A $100 million fund targeting New York’s child care crisis
Last night at the Robin Hood benefit at New York City’s Javits Center, Citadel’s Ken Griffin was the winning bidder in an auction for a seat to space on Blue Origin, Jeff Bezos’ rocket company. (Bezos was in attendance.) Griffin bid $8 million and said he plans to give the ticket to a New York City schoolteacher.
Alongside the event, Robin Hood announced that the venture capitalist Alexis Ohanian,the Bezos Family Foundation and other donors were committing a total of $50 million to expand access to quality, affordable child care options in an attempt to bolster the city’s overburdened, underfunded system. The city will add another $50 million.
The pandemic highlighted a child care crisis in New York. Child care centers that were already running on thin budgets were forced to reduce capacity or shut down completely, forcing hundreds of thousands of child care workers out of the industry and leaving parents with few options.
“More than 40 percent of New York City parents with a young child had to leave a job or move from full-time to part-time work during the pandemic because of lack of access to child care,” Richard Buery, chief executive of Robin Hood, a New York City charity with strong ties to Wall Street, told DealBook.
Women ages 25 to 54 were two and a half times more likely than men in the same age group to list child care as their primary reason for being out of work, according to an analysis of census data by the nonprofit organization Citizens’ Committee for Children of New York.
Fixing the current system would boost the local economy by helping many New Yorkers — particularly women — get back to work, Buery said. New York’s private child care options are also among the most expensive in the country, with full-time group infant care costing more than $16,000 on average in 2020, keeping it out of reach for many families.
Big oil’s dirty wells change hands
The world’s largest energy companies are expected to sell off more than $100 billion of oil fields and other polluting assets as they try to hit their corporate climate goals. But these firms often sell to buyers that disclose little about their operations, have made few or no pledges to combat climate change, and are committed to ramping up fossil fuel production, writes The Times’s Hiroko Tabuchi.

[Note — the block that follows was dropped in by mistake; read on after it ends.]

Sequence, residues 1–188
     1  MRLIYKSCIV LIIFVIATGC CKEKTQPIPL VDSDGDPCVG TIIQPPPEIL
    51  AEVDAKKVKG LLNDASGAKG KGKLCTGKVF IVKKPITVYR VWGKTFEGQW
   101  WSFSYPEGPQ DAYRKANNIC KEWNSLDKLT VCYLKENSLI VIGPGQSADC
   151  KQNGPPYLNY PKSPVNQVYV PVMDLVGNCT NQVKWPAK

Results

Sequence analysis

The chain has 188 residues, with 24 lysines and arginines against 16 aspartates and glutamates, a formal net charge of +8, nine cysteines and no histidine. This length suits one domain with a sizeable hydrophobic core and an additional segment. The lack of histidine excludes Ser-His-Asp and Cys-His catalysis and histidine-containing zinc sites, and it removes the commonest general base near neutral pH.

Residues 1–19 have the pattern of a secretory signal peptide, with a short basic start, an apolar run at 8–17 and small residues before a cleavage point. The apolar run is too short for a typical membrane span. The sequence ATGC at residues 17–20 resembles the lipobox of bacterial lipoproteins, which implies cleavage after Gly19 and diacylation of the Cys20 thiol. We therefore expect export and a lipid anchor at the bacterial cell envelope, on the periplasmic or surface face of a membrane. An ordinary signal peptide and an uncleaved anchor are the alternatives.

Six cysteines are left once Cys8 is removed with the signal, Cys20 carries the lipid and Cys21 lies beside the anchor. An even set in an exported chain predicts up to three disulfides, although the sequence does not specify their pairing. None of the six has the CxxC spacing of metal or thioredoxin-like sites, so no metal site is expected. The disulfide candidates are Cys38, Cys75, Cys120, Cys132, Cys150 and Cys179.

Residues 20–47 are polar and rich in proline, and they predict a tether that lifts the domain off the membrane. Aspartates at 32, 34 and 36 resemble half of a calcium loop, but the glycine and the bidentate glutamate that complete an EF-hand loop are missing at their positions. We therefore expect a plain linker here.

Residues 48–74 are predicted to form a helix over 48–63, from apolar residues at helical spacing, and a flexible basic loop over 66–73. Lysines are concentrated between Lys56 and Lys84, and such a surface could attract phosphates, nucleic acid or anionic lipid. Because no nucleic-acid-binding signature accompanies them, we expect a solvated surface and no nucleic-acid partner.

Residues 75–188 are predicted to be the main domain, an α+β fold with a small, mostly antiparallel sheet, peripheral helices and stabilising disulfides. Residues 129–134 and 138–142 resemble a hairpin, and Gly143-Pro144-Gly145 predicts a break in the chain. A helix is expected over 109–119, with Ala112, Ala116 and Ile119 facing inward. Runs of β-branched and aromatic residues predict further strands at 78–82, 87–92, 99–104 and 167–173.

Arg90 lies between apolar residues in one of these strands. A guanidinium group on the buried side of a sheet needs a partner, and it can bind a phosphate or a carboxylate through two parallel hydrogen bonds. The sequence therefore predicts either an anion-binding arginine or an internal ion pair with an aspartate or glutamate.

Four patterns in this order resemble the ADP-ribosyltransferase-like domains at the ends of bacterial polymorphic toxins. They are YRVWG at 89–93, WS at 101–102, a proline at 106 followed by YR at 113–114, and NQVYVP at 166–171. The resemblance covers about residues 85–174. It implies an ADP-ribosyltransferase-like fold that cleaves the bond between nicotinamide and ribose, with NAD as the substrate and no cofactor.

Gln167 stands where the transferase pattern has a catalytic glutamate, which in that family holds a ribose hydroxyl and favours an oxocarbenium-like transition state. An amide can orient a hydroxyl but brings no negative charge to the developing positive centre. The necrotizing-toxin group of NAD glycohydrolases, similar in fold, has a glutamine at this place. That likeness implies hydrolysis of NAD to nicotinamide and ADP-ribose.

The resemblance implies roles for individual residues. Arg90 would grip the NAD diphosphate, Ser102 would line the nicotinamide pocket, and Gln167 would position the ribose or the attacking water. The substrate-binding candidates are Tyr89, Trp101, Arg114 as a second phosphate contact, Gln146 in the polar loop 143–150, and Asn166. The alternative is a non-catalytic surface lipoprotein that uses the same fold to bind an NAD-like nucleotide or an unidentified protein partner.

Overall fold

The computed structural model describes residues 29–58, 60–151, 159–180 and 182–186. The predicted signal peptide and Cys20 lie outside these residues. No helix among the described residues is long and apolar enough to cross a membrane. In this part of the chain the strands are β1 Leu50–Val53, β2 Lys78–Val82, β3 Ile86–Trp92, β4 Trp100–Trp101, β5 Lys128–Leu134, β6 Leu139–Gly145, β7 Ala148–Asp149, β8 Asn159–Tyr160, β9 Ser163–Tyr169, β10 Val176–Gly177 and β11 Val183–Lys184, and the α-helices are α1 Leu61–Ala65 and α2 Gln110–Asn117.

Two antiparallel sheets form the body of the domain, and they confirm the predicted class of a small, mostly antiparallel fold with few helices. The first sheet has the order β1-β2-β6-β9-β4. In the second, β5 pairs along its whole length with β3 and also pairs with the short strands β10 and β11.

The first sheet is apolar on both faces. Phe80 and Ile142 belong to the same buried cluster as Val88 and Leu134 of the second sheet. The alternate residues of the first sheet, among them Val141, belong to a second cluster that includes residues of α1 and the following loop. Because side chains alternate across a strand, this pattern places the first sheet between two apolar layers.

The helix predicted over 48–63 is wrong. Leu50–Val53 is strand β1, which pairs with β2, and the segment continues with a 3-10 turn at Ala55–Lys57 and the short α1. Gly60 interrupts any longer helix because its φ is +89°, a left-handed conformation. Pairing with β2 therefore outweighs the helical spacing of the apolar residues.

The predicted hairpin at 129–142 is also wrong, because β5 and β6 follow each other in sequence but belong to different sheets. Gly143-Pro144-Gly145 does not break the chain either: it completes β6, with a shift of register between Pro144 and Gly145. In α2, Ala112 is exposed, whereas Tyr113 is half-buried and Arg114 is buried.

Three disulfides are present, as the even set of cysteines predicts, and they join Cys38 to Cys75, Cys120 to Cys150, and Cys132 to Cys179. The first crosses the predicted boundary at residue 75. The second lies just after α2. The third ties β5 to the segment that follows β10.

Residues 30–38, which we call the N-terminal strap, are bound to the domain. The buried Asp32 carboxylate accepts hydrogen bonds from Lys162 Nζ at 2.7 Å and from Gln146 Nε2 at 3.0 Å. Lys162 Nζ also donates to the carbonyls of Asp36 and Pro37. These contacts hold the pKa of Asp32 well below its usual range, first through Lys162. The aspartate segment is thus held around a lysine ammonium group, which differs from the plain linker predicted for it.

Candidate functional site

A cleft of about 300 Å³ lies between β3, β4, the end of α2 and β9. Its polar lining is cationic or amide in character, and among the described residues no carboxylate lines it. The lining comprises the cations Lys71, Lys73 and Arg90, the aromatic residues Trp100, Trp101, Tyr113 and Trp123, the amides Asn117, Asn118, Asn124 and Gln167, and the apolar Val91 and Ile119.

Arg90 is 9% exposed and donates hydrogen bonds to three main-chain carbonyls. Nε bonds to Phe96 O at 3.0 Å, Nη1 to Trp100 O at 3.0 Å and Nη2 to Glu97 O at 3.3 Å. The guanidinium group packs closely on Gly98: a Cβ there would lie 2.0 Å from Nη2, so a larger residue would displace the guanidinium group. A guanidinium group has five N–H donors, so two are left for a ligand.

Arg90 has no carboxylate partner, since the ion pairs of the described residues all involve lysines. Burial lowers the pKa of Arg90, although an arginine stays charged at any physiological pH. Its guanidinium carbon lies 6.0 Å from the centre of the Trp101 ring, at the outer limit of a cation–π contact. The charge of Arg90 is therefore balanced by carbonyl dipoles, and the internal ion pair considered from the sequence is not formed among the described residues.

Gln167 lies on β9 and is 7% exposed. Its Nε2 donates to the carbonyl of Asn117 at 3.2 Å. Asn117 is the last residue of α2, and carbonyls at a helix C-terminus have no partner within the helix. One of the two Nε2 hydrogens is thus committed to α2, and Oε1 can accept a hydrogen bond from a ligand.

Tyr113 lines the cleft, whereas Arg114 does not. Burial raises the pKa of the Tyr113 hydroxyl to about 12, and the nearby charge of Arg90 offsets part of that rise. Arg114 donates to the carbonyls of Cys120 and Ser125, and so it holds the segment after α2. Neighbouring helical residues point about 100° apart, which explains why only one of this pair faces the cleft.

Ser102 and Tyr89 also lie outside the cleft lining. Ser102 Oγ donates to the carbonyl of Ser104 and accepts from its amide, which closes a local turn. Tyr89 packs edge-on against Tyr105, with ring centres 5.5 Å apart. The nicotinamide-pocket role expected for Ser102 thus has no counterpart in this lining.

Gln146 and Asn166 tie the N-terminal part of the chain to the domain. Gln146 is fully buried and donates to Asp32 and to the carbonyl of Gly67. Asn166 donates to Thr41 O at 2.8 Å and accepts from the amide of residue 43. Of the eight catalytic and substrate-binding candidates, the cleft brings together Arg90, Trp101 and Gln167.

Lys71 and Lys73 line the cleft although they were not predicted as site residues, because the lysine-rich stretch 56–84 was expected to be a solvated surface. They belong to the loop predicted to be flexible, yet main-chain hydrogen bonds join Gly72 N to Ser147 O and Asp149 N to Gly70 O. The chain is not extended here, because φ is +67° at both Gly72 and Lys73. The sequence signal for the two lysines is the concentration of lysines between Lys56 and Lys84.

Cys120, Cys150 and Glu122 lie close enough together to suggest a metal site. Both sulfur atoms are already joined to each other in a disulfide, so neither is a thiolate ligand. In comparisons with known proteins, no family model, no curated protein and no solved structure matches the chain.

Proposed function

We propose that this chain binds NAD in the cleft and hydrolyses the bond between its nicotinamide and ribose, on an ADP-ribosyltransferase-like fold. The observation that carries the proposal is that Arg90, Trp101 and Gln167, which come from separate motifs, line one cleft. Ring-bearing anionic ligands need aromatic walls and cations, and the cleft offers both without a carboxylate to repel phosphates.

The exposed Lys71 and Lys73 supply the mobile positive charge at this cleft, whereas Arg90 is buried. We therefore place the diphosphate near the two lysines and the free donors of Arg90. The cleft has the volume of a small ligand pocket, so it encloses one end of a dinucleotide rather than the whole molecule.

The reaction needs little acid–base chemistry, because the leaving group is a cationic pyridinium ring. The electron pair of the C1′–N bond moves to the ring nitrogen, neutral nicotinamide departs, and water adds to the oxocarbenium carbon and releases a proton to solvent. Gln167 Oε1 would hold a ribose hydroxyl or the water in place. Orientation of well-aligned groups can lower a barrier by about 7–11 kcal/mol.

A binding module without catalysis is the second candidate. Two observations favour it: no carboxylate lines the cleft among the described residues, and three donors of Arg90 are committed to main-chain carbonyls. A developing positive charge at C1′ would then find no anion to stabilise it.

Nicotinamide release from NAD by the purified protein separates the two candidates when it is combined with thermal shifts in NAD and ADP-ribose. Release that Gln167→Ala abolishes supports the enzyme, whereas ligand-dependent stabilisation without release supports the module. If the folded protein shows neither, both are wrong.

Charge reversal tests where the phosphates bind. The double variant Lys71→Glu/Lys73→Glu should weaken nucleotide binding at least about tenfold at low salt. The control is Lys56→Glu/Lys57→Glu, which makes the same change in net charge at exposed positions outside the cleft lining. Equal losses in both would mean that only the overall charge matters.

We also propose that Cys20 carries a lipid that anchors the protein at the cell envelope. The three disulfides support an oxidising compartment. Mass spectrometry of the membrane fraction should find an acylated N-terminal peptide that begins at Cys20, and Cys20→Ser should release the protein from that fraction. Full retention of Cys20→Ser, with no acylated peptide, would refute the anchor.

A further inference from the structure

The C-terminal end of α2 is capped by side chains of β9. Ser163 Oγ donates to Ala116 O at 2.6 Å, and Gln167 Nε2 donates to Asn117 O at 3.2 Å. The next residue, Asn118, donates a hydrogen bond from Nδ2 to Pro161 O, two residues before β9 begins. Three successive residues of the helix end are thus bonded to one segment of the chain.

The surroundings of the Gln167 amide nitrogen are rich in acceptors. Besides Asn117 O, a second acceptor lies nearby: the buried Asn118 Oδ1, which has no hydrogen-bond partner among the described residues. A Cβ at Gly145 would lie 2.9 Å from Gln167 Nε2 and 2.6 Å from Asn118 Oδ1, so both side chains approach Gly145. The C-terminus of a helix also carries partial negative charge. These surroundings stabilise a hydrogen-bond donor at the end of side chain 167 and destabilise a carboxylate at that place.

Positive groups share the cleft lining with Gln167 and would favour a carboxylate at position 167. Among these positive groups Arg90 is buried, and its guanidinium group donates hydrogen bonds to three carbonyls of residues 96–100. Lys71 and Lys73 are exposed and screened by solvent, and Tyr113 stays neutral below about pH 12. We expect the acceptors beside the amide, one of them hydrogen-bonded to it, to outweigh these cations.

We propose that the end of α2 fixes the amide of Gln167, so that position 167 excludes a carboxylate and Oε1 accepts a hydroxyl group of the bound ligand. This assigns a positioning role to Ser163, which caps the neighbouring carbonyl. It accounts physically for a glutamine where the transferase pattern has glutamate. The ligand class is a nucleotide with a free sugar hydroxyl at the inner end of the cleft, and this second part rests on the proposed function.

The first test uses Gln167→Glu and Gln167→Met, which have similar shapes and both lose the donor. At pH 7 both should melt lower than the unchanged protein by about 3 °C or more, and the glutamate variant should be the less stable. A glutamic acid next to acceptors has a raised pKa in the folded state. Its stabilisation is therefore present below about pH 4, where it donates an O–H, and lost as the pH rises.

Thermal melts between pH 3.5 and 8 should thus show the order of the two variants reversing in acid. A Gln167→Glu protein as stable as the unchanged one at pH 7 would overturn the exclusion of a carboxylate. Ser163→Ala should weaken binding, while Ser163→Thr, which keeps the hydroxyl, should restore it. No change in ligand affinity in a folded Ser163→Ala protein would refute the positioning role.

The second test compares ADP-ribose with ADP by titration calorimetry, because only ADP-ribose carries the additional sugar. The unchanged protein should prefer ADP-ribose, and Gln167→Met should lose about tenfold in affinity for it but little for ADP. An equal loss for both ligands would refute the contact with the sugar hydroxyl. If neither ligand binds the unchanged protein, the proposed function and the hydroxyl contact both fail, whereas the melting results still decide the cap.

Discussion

About 60 percent of oil well deals likely won’t result in lower emissions. New research out today shows that, of 3,000 oil and gas deals made between 2017 and 2021, twice as many involved assets moving from operators with net-zero commitments to those that didn’t, than the reverse. That is raising concerns that the assets will continue to pollute, perhaps even at a greater rate, but away from the public eye.
“You can move your assets to another company, and move the emissions off your own books, but that doesn’t equal any positive impact on the planet if it’s done without any safeguards in place,” said Andrew Baxter, who heads the energy transition team at the Environmental Defense Fund, which performed the analysis.
Transactions like these hinder the cleanup of fossil fuel infrastructure and efforts to slow climate change. In a new study, the World Meteorological Organization and the U.K. Met Office found a very strong likelihood that one of the next five years will be the warmest on record globally, surpassing the current record year of 2016.
THE SPEED READ
Philip Morris International is reportedly in talks to buy its smokeless tobacco rival Swedish Match in a deal valued at $15 billion or more. (WSJ)
All but three of the 53 tech companies that went public last year are currently trading below their offer or opening price. (CNBC)
Goldman Sachs is reportedly stepping back from SPACs, putting new offerings on hold and stopping work with most that it helped to take public. (FT)
Putin called for the creation of an internal working group on international payments to work out terms for transactions with “unfriendly” states. (Reuters)
The brutality of the war is said to have persuaded Italy’s prime minister to loosen his country’s historically strong ties to Russia. (Bloomberg)
VW’s chief executive called for a negotiated end to the war in Ukraine to protect Europe’s economy. (FT)
The I.R.S. paid out more than $3 billion in interest in 2021 to tax filers who had to wait for their refunds. (WSJ)
Former heads of state called on Biden to commit $5 billion to the global fight against Covid-19. (NYT)
Groups representing international businesses that operate in China are urging Beijing to relax its Covid approach. (CNN)
Best of the rest
The Times won Pulitzer Prizes for investigative reporting and cultural criticism. (NYT)
Atlas Capital, headed by the crypto critic Nouriel Roubini, will launch a tokenized dollar. (Bloomberg)
Instagram is launching an NFT experiment in the U.S. to test the waters for more NFT offerings. (TechCrunch)
“For Tens of Millions of Americans, the Good Times are Right Now” (NYT)